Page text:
Probe finds bridge sway set off Cambodian stampede

Stampede was set off when a crowded bridge started swaying causing mass panic.

Phnom Penh: An investigation into a stampede
at a festival in the Cambodian capital that killed hundreds of
revellers initially concluded it was set off when a crowded
bridge started swaying and caused mass panic.

Bayon TV, which serves as a mouthpiece for the
government, reported today an official committee set up to
probe Monday`s tragedy found many people on the bridge were
from the countryside and unaware it was normal for a
suspension bridge to sway. In their fear it was collapsing,
they tried to run off.

The TV report gave the total number of casualties as 750,
of whom 350 died, which was lower than the 378 dead and 755
injured officials announced yesterday. Asked about the
discrepancy, Information Minister Khieu Kanharith said today
the official toll was 351 dead and 395 injured.

The report said the committee based its conclusions on
investigations and the testimony of witnesses.

The tragedy happened when tens of thousands of panicked
people attended a free concert on an island in the Bassac
River in Phnom Penh. As many as 2 million people are believed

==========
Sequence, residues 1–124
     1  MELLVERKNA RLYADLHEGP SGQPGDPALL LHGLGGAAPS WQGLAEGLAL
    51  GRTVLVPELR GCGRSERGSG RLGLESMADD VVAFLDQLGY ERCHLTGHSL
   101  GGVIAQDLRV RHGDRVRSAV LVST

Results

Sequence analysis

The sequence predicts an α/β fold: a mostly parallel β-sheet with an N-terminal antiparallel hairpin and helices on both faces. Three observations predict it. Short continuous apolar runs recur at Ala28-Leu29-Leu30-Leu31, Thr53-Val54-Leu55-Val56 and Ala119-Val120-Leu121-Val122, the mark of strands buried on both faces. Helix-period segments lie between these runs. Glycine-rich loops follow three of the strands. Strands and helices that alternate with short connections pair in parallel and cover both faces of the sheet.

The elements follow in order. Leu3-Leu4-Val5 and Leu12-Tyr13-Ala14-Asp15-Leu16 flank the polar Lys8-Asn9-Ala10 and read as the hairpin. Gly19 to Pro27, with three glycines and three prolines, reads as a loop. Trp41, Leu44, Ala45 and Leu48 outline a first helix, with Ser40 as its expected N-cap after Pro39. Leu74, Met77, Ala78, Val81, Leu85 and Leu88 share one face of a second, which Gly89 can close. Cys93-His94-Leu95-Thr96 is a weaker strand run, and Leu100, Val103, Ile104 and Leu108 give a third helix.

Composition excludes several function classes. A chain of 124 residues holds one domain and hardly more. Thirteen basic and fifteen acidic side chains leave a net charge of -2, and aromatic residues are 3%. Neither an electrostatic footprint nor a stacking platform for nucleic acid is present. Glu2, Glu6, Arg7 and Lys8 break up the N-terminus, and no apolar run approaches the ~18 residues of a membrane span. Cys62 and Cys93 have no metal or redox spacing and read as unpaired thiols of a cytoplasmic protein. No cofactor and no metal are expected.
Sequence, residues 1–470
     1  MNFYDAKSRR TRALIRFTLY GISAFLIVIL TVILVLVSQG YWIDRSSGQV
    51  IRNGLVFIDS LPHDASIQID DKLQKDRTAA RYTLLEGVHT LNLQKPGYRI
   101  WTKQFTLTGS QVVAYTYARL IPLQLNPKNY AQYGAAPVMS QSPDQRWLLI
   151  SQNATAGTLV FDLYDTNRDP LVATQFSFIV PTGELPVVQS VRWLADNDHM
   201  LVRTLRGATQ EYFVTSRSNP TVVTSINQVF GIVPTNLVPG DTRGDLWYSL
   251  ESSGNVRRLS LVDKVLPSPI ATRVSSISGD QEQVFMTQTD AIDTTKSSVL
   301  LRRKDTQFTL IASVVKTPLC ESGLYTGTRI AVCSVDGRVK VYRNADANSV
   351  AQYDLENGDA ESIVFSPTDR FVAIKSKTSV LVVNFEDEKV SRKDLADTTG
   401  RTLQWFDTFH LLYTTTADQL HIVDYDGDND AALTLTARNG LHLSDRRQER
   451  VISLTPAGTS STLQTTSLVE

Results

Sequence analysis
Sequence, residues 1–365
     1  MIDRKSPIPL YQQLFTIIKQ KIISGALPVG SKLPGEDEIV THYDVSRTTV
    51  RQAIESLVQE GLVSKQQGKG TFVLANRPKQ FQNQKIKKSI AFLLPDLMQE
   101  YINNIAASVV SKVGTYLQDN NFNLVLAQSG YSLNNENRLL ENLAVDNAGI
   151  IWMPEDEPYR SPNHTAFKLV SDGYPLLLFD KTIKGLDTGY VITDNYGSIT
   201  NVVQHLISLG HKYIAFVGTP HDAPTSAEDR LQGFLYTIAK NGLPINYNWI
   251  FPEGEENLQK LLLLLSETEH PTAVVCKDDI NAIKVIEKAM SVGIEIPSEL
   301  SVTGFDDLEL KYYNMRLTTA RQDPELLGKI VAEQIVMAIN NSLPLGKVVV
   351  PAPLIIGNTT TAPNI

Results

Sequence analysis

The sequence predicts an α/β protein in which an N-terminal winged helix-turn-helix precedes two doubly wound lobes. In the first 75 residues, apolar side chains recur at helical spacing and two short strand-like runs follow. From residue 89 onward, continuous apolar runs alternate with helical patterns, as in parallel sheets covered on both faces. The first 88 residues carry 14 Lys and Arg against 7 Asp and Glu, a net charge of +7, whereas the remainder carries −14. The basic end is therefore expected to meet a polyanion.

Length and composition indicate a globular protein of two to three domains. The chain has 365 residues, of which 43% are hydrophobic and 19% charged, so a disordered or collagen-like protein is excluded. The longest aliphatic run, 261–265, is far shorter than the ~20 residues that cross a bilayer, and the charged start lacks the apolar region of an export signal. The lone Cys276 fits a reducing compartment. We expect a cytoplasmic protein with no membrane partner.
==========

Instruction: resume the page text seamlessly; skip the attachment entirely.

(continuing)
to have come to the capital for celebrations of a three-day
holiday marking the end of the monsoon rain season.

Witnesses had criticized authorities for causing
congestion by blocking a second bridge across the river
despite the huge crowds that had gathered for the festival,
and for a slow and confused emergency response. A huge crowd
had come to celebrate the last night of the celebration.

Prime Minister Hun Sen described the stampede as the
biggest tragedy since the communist Khmer Rouge`s reign of
terror, which left an estimated 1.7 million people dead in the
late 1970s. He declared a day of national mourning tomorrow.

The investigating committee, which included Cabinet
ministers and city officials, said the panic was exacerbated
by the trouble people had breathing because they were so
closely packed together. It estimated 7,000-8,000 people were
on the bridge, adding up to a load of 350-400 tons.

Its report said before the stampede, those present heard
shouts the bridge was going to collapse, igniting the panic
that also saw people jump off the sides into the water.


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